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Elaine Lobl Konigsburg was born on February 10, 1930, in New York City but spent most of her childhood in small towns in Pennsylvania. She worked her way through Pittsburgh's Carnegie-Mellon University by taking odd jobs: manager of a dormitory laundry, playground instructor, waitress, and library page. In 1952 she graduated with a bachelor's degree in chemistry and married David Konigsburg that same year. Chemistry, however, did not prove to be her calling. In graduate school she blew up a lab sink—twice. While teaching at a private girls' school, Konigsburg found she was more interested in her students' thoughts and actions than in teaching science.
Konigsburg also found her own three children's behavior fascinating, and when her youngest son entered kindergarten, she began writing about their experiences and her insights into human behavior. Her first two books— Jennifer, Hecate, Macbeth, William McKinley, and Me, Elizabeth and From the Mixed-up Files of Mrs. Basil E. Frankweiler— were both published in 1967 and created an unprecedented critical sensation the following year when the former was named runner-up for the Newbery Medal, and the latter captured the coveted award. The author illustrated both books.
Konigsburg experiments in her books, taking the ordinary one step further and exploring the results. Her books are humorous, lively, unique, and a joy to read.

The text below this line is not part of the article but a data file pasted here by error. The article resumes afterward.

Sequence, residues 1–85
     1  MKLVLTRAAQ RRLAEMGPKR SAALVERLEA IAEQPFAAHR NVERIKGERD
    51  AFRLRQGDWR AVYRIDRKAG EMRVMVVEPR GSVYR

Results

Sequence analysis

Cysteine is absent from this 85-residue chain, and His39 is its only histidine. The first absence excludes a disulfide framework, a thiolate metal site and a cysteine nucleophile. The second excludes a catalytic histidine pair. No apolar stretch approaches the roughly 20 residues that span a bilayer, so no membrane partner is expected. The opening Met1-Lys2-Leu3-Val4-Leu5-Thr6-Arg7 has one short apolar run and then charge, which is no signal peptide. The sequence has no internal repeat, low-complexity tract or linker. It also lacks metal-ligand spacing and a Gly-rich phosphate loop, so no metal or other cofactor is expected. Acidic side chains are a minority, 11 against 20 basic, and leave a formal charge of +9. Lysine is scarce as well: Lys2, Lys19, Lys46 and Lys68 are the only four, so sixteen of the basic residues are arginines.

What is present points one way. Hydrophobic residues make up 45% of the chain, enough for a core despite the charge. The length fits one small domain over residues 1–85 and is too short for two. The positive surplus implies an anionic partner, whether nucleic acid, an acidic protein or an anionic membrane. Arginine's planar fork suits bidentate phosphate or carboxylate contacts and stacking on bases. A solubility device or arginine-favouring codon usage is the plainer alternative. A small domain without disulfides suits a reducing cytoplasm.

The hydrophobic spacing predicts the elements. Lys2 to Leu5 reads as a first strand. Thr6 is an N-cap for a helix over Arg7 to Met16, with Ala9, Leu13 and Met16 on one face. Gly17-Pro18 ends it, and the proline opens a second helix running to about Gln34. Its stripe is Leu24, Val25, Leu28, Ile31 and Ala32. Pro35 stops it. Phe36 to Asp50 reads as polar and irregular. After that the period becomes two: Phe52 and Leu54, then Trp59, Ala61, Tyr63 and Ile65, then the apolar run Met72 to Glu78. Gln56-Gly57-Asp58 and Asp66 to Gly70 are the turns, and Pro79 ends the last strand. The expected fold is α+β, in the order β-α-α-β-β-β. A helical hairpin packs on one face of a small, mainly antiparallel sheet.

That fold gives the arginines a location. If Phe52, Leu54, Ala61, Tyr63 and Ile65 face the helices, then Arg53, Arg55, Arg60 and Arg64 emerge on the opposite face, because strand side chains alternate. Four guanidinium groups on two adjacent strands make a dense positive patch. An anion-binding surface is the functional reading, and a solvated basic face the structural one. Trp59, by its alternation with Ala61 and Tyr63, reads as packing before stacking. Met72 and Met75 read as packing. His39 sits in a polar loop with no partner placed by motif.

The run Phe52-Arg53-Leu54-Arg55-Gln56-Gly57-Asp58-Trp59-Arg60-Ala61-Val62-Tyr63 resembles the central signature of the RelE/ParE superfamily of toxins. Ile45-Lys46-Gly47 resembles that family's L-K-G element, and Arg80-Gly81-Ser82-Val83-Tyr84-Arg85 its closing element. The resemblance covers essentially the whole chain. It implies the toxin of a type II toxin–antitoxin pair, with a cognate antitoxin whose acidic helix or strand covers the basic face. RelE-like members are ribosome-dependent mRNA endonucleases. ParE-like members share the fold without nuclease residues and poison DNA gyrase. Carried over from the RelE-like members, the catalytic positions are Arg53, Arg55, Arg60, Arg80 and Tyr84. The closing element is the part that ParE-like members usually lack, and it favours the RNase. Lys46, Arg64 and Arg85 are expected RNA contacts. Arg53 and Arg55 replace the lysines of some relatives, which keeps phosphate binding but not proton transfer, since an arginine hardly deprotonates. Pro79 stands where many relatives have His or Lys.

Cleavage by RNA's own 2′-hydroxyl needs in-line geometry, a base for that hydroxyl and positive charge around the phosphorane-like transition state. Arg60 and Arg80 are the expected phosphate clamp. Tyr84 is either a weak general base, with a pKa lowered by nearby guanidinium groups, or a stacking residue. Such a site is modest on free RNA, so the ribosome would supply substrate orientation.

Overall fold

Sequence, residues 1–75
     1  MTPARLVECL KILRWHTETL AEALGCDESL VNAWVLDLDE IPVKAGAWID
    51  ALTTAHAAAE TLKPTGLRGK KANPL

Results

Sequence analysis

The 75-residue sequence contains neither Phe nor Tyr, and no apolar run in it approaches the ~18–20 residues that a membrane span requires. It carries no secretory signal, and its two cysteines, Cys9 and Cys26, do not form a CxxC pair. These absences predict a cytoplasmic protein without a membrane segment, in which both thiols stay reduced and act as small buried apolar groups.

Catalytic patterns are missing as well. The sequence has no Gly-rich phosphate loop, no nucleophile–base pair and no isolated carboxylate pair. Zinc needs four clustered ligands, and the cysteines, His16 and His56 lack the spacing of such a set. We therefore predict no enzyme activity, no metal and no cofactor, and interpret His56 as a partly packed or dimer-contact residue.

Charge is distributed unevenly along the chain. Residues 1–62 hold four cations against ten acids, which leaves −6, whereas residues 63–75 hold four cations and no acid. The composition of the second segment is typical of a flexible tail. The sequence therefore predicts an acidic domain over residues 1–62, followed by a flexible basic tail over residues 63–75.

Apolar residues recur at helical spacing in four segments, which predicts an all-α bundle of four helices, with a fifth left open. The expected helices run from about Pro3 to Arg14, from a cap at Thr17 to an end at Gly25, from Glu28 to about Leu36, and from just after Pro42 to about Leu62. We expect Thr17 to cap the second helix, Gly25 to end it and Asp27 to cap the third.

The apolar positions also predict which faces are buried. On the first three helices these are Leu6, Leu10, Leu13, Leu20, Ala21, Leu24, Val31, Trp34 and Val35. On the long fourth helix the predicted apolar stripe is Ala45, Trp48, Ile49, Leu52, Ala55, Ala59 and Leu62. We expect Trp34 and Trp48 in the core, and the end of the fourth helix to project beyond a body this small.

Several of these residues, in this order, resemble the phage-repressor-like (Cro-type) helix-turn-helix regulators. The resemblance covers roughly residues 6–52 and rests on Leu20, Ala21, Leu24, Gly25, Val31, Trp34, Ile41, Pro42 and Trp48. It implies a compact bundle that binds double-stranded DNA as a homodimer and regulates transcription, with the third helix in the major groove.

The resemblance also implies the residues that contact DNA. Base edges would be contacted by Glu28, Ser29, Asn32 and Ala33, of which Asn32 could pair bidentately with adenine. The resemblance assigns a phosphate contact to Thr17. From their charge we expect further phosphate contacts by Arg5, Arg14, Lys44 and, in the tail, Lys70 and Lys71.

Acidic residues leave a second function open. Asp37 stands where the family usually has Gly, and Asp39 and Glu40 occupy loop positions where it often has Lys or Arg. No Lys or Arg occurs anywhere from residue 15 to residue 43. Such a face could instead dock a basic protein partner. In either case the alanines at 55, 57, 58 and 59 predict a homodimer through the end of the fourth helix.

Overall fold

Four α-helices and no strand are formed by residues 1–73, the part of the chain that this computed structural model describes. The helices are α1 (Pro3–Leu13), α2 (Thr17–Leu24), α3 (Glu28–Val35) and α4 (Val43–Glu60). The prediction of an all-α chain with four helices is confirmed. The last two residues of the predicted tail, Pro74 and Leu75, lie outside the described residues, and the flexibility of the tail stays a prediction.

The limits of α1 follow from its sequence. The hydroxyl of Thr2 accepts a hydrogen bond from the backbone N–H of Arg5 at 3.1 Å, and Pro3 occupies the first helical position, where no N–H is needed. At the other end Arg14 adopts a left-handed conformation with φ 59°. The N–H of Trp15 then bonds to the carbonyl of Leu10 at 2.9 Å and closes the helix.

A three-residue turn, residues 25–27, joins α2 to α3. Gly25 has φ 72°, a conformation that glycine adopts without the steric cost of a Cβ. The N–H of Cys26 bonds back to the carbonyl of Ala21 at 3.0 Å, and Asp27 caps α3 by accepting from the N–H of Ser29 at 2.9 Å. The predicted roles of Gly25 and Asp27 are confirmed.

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Elaine Lobl Konigsburg was born in New York City on February 10, 1930, to Beulah Klein Lobl and Adolph Lobl, a businessman. She attended Carnegie Institute of Technology, now Carnegie-Mellon University, earning a Bachelor of Science degree in 1952. She then studied chemistry in graduate school at the University of Pittsburgh until 1954, when she married psychologist David Konigsburg.
The couple moved to Jacksonville, Florida; here Konigsburg taught science for two years before focusing her energies on rearing her three children. As they grew more responsible with age, Konisburg applied what she had learned raising them to the writing of fiction for children. Although never a practicing chemist, Konigsburg feels that the mental discipline scientific study and research taught her has been instrumental in her success as a writer. This mental rigor has allowed her to set aside distractions and concentrate on writing each morning.
She made a notable impression on literary critics and became of instant interest to adult readers with her first two novels for young adults. Jennifer, Hecate, Macbeth, William McKinley, and Me, Elizabeth was named a 1968 Newbery Honor Book, and From the Mixed- Up Files of Mrs. Basil E. Frankzweiler (1967; see separate entry, Vol. 1) was the 1968 Newbery Award winner. Since then she has written and illustrated many books, most of them aimed at readers in late elementary grades or in junior high school, with...